Making donations to Ukraine in the right way could provide more money but be aware of scams


Thousands of people are donating to charity to help the suffering that has been inflicted on the citizens of Ukraine but there are ways to ensure that donations are maximised and reach the right people, say leading tax and advisory firm Blick Rothenberg

Stefanie Tremain, a director at the firm said: A lot of people are watching the events in Ukraine with increasing concern and sadness, and many of us want to help in whatever way we can. For most, this will mean donating items such as clothes and blankets or making cash donations and there are a couple of ways to make sure your donation is maximised and reaches the right people.”

She added: “Anyone who pays tax in the UK should tick the box to make sure their donation is made under the Gift Aid scheme. If a donation is made under Gift Aid, the government will top up the value of your donation by 20%. So, if you donate £10, the charity will receive £12.50 at no further cost to you. Gift Aid works on the basis that the donor will pay at least enough UK tax (either income tax or capital gains tax) to “frank” the top up amount. If you do not pay enough tax, you should not tick the Gift Aid box. If you do claim Gift Aid and then do not pay enough tax in the tax year, you will need to pay the “top up” back to HMRC.”

Stefanie said: “Gift Aid is only available for UK or EU charities that meet the UK definition of a charity. If you are considering donating to a Ukrainian charity, maybe consider whether there is a UK/EU registered charity that will benefit the same cause but will maximise your donation.”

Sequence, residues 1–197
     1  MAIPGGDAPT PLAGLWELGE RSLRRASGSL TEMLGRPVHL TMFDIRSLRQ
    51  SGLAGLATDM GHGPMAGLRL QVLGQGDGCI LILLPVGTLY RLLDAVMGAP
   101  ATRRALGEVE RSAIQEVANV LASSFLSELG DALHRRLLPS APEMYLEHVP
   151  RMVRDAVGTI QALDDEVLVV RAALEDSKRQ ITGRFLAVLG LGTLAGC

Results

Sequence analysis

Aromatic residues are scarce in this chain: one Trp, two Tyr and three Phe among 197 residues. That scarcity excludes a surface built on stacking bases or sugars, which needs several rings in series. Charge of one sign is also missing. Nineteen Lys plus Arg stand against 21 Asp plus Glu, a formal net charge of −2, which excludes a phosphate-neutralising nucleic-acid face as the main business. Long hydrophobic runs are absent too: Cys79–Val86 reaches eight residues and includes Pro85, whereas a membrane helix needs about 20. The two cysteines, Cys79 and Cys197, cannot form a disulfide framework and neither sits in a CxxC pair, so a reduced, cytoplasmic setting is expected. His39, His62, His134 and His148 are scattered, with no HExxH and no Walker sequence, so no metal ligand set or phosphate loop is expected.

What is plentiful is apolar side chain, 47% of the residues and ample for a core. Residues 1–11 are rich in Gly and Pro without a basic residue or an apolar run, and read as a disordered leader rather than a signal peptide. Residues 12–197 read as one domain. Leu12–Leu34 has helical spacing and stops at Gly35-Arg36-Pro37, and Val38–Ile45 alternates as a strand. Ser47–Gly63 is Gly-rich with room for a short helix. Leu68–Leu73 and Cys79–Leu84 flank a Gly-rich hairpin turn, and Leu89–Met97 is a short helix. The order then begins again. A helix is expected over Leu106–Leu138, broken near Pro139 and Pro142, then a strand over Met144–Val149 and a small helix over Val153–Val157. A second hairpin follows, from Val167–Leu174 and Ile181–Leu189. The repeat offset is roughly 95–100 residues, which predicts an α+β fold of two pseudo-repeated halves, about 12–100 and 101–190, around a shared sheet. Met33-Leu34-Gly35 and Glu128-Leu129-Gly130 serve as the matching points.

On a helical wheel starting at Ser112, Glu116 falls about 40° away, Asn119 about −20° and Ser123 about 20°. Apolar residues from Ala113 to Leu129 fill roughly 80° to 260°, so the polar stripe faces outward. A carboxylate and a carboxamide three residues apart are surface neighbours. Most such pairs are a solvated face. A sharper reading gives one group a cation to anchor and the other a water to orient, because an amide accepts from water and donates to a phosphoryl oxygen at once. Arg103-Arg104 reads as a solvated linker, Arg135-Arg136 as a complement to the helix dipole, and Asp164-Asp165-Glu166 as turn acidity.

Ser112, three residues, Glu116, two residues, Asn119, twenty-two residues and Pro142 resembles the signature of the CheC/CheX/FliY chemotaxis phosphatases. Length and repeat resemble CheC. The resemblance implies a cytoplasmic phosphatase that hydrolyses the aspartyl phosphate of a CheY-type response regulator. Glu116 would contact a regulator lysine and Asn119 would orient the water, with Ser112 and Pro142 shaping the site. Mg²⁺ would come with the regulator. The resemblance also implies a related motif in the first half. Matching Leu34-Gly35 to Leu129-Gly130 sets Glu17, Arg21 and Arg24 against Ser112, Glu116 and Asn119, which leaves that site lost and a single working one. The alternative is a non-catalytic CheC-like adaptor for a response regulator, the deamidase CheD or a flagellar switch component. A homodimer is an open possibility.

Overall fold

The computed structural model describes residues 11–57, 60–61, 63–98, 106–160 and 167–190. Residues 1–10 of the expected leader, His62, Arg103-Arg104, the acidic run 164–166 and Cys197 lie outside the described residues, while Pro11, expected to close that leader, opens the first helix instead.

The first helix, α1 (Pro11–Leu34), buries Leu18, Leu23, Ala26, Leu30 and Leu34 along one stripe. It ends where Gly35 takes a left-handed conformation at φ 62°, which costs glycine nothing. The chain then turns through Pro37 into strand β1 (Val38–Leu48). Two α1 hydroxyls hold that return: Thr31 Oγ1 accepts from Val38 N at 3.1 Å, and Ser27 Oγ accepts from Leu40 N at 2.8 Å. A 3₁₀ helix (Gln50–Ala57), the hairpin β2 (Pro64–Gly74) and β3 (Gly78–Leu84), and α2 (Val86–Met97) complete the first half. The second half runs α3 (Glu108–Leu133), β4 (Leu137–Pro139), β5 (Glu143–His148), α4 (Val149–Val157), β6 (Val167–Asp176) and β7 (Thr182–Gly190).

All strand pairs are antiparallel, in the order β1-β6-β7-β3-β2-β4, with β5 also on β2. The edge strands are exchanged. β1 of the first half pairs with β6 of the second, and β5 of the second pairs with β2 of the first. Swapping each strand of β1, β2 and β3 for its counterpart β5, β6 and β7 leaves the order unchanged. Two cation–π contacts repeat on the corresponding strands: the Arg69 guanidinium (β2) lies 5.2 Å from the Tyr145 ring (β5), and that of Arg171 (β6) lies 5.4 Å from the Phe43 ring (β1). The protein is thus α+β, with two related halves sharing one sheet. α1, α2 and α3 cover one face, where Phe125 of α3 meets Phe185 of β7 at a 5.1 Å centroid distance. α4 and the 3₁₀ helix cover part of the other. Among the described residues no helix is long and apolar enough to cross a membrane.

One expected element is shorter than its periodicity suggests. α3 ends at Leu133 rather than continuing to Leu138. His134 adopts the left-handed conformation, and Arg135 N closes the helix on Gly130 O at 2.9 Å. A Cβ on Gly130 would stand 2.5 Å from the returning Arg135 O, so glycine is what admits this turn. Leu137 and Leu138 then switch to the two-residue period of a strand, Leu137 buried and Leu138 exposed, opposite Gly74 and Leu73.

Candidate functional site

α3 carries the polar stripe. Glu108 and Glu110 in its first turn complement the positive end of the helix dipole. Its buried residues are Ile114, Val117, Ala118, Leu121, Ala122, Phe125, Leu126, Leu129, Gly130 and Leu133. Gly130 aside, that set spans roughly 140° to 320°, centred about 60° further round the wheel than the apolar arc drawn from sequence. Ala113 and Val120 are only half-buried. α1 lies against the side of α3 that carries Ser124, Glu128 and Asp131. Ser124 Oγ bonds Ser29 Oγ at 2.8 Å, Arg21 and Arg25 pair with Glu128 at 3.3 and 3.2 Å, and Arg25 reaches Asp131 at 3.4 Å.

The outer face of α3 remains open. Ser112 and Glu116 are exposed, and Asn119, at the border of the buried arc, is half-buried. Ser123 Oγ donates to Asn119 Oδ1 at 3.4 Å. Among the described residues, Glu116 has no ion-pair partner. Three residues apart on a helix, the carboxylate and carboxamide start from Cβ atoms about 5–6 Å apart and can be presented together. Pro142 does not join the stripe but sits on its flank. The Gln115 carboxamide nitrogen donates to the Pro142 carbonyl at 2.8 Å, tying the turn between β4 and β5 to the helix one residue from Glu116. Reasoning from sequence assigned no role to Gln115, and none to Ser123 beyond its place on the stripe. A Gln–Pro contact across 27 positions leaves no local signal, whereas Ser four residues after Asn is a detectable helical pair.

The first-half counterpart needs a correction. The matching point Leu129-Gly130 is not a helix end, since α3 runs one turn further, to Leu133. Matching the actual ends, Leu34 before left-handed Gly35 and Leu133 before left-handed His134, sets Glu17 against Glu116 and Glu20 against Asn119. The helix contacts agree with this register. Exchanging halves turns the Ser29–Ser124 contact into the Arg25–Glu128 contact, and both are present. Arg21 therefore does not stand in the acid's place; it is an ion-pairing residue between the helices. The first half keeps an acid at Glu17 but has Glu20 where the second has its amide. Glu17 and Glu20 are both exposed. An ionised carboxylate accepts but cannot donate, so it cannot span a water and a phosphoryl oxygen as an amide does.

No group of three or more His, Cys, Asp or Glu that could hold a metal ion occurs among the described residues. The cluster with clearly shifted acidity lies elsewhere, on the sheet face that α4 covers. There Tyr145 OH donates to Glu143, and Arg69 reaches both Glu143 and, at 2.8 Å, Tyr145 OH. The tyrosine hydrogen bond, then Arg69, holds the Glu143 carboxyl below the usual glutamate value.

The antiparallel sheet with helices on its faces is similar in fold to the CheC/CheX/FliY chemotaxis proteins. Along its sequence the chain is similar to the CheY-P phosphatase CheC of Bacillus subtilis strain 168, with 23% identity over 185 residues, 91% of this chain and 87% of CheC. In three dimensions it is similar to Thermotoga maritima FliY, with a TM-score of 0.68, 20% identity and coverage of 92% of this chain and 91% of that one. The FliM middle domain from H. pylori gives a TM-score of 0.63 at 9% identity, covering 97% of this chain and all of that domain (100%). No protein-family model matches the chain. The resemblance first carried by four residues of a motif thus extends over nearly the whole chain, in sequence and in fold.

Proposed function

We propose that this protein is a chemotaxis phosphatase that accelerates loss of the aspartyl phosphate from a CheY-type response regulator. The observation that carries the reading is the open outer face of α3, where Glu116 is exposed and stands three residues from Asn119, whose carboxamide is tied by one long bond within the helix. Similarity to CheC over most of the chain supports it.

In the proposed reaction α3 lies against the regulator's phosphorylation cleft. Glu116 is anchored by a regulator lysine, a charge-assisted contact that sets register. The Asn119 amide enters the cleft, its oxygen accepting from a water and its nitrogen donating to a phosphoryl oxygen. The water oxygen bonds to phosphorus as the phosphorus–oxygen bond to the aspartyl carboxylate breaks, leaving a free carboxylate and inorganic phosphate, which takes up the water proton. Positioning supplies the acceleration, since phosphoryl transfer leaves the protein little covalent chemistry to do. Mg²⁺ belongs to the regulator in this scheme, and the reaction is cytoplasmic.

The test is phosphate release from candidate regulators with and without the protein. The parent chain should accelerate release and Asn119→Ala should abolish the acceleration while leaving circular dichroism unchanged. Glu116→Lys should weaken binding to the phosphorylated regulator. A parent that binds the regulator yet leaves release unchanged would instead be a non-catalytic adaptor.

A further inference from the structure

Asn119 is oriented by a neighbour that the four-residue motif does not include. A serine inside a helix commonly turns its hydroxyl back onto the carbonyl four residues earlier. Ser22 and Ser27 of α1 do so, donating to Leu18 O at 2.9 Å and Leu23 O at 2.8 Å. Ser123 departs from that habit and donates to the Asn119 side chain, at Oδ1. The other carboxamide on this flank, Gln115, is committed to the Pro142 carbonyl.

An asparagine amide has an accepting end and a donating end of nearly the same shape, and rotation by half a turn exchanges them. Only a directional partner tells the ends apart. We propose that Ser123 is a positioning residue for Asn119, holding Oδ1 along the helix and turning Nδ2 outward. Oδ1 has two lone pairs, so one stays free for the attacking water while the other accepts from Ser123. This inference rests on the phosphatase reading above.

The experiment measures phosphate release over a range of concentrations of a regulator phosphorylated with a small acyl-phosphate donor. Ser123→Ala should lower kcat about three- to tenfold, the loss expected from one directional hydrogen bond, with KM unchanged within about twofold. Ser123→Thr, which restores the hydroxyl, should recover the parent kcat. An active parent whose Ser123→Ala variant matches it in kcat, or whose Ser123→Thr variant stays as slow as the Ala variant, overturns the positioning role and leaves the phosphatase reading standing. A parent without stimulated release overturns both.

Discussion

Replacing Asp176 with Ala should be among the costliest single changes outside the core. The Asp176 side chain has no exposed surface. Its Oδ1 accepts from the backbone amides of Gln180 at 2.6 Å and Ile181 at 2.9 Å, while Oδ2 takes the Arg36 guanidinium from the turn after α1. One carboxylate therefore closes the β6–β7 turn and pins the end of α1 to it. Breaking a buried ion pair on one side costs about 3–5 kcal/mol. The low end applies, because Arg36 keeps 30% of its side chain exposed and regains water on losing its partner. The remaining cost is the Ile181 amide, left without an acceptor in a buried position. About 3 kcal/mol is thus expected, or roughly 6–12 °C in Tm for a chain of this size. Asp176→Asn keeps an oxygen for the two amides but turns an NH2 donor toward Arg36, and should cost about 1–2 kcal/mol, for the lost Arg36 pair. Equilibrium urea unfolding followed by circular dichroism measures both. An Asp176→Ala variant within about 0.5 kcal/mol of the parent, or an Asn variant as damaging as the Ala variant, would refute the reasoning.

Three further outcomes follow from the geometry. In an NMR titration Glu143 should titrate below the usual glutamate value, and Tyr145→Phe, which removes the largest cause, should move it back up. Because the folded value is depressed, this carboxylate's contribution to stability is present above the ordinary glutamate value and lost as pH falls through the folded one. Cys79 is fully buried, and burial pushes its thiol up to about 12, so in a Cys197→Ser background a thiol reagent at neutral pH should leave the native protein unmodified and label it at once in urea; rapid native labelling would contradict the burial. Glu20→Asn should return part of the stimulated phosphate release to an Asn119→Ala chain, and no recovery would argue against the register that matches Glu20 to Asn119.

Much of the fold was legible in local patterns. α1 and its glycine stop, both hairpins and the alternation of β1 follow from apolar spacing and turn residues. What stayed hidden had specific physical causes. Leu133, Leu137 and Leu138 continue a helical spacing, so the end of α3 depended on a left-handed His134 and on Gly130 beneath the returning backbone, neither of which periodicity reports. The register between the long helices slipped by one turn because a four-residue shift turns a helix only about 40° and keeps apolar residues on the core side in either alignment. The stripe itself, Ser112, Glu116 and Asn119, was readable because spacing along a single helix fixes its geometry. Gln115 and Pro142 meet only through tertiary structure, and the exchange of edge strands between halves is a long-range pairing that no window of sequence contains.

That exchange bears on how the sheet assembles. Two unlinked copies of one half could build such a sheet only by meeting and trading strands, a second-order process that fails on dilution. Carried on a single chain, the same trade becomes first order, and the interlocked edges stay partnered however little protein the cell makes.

She added: “If you have recently made donations and did not claim Gift Aid but think you should have, you can contact the charity and ask to make the claim retrospectively.”

Stefanie said: “Sadly, in times of need, unscrupulous people take advantage of people’s desire to help can and set up fake websites and scams. Scams can be extremely convincing and could be a text or email asking for a donation, including a link that takes you to a website impersonating a genuine charity. Whilst genuine fundraisers are using platforms such as GoFundMe, including the Help Ukraine Emergency Appeal, there may also be fake pages set up which you could contribute money to in error.”

She added: “It is important to check you are donating to genuine charities such as (among others) UNICEF, Save the Children, the Red Cross and Action Aid.

“By making sure you find the legitimate website rather than reacting to an unsolicited text or email, you can ensure your money goes to the right people who need it. Giving platforms will also have guidance on their websites on how to determine that a fundraiser is genuine so if you are unsure, just have a quick read before pressing the donate button.”

Stefanie said: “Many employers and pension providers run Payroll Giving schemes, which means you can make donations straight from your gross salary or pension. Donations made under Payroll Giving do not qualify for Gift Aid, but they do ensure that donations will be made to genuine registered charities.”


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